Samuelson to Lawmakers: Spread the Pain
As Washington digests this year’s CBO Long Term-Budget Outlook, Robert J. Samuelson of The Washington Post offered up his criticism of the country’s current fiscal path: The elderly get too much. The real issue, he argues, is that massive and growing spending on the elderly threatens to crowd out domestic spending that liberals support and defense spending that conservatives support.
As he explains:
...budget deficits are not the problem. They are simply the consequences of the problem, which is that the combination of an aging society and expensive health care threatens many vital government functions. Whatever the economic costs of endless deficits — a controversial subject — the political effects seem straightforward. The young are being forced to subsidize the old through higher taxes and reduced public services. Some essential public services, starting with defense, are being sacrificed to avoid antagonizing the elderly.
Samuelson is not the only one concerned with the disproportionate growth of spending on the elderly. In an opinion piece in February, Forbes contributor Jeffrey Dorfman went as far as to accuse seniors of “bankrupting the country.” A New York Times analysis published earlier this month found that while younger Americans have struggled to see their incomes to keep pace with inflation, Americans ages 65 and older have made substantial gains.
Citing the growth of federal benefit programs like Social Security, Medicare, and Medicaid, which have swelled from a third to half the federal budget since 1990, Samuelson calls on policymakers to rein in “runaway spending on the elderly,” adding, “The proper response is to spread the pain.” He proposes raising the eligibility age, raising Medicare premiums, and reducing benefits to curb federal entitlement spending. In addition, he would terminate federal programs such as farm subsidies, which he argues are unnecessary, and raise certain taxes.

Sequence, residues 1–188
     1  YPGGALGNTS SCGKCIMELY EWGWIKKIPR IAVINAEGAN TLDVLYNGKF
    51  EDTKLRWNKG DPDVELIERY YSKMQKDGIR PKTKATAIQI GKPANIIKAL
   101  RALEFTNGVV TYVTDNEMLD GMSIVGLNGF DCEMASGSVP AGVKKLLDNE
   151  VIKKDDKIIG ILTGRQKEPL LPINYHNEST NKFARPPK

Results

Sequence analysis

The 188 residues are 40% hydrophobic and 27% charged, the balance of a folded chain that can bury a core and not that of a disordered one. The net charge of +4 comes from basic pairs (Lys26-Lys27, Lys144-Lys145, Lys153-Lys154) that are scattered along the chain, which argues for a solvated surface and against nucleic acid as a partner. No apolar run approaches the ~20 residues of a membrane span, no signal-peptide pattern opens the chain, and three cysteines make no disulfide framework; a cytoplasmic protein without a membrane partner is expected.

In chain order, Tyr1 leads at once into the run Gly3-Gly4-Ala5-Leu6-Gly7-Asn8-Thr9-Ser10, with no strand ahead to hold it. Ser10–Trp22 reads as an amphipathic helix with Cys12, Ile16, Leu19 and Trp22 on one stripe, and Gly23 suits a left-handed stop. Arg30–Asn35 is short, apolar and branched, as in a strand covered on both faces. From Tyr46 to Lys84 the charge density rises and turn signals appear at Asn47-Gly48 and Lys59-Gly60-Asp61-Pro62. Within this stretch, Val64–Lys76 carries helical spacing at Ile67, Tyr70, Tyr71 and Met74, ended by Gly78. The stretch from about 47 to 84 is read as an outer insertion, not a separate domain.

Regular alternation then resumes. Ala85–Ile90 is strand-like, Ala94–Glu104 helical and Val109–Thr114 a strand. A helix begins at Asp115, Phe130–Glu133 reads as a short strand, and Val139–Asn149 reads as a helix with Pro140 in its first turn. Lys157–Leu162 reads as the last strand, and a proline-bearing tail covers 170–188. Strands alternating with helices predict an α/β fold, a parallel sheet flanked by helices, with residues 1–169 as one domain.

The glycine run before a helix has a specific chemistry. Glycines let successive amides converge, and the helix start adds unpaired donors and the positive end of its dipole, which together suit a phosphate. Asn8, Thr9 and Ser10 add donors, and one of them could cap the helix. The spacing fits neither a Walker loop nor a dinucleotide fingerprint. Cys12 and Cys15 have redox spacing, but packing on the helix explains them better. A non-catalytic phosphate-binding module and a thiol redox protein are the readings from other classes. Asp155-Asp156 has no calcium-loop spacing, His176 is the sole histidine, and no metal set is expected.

Samuelson bemoans the current administration’s lack of attention to reforming mandatory spending, and he warns that the still young 2016 presidential campaigns threaten to similarly ignore the issue as “Democrats plug fairer economic growth” and Republicans talk about entitlement reform “but concentrate their rhetoric on creating faster economic growth.” He continues:
Government’s central reality has gone missing. There’s a bipartisan triumph of political expedience over professed beliefs. Liberals shrink many domestic programs, because they won’t acknowledge that unchecked spending on the elderly is partially financed by curbing other activities — from food stamps to highway repairs. Conservatives weaken defense, because they won’t concede that, even with cuts to domestic spending (including the elderly), an adequate military cannot be financed without additional taxes.
Federal lawmakers must address the growth in mandatory spending soon, or their decisions will be made for them as mandatory spending crowds out other parts of the budget. The CBO report makes it clear that rising health care costs and an aging population make our current fiscal path unsustainable. Samuelson’s column offers a bracing injection of energy into the conversation.